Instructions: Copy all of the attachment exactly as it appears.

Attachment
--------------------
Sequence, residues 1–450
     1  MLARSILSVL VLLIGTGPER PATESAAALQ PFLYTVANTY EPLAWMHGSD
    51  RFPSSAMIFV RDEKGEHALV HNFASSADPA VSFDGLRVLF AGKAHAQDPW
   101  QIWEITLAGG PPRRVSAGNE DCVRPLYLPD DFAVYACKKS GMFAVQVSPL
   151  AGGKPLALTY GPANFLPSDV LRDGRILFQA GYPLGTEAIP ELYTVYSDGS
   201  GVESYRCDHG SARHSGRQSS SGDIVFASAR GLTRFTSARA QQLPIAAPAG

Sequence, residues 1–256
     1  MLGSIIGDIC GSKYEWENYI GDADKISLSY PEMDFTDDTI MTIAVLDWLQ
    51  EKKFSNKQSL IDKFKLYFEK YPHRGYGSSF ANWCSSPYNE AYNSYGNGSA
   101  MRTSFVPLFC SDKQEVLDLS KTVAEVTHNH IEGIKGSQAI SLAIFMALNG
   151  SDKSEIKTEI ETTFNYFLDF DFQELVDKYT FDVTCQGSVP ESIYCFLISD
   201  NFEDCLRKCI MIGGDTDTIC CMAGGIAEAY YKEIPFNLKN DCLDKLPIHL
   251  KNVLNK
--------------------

Sequence, residues 1–450
     1  MLARSILSVL VLLIGTGPER PATESAAALQ PFLYTVANTY EPLAWMHGSD
    51  RFPSSAMIFV RDEKGEHALV HNFASSADPA VSFDGLRVLF AGKAHAQDPW
   101  QIWEITLAGG PPRRVSAGNE DCVRPLYLPD DFAVYACKKS GMFAVQVSPL
   151  AGGKPLALTY GPANFLPSDV LRDGRILFQA GYPLGTEAIP ELYTVYSDGS
   201  GVESYRCDHG SARHSGRQSS SGDIVFASAR GLTRFTSARA QQLPIAAPAG

Sequence, residues 1–256
     1  MLGSIIGDIC GSKYEWENYI GDADKISLSY PEMDFTDDTI MTIAVLDWLQ
    51  EKKFSNKQSL IDKFKLYFEK YPHRGYGSSF ANWCSSPYNE AYNSYGNGSA
   101  MRTSFVPLFC SDKQEVLDLS KTVAEVTHNH IEGIKGSQAI SLAIFMALNG
   151  SDKSEIKTEI ETTFNYFLDF DFQELVDKYT FDVTCQGSVP ESIYCFLISD
   201  NFEDCLRKCI MIGGDTDTIC CMAGGIAEAY YKEIPFNLKN DCLDKLPIHL
   251  KNVLNK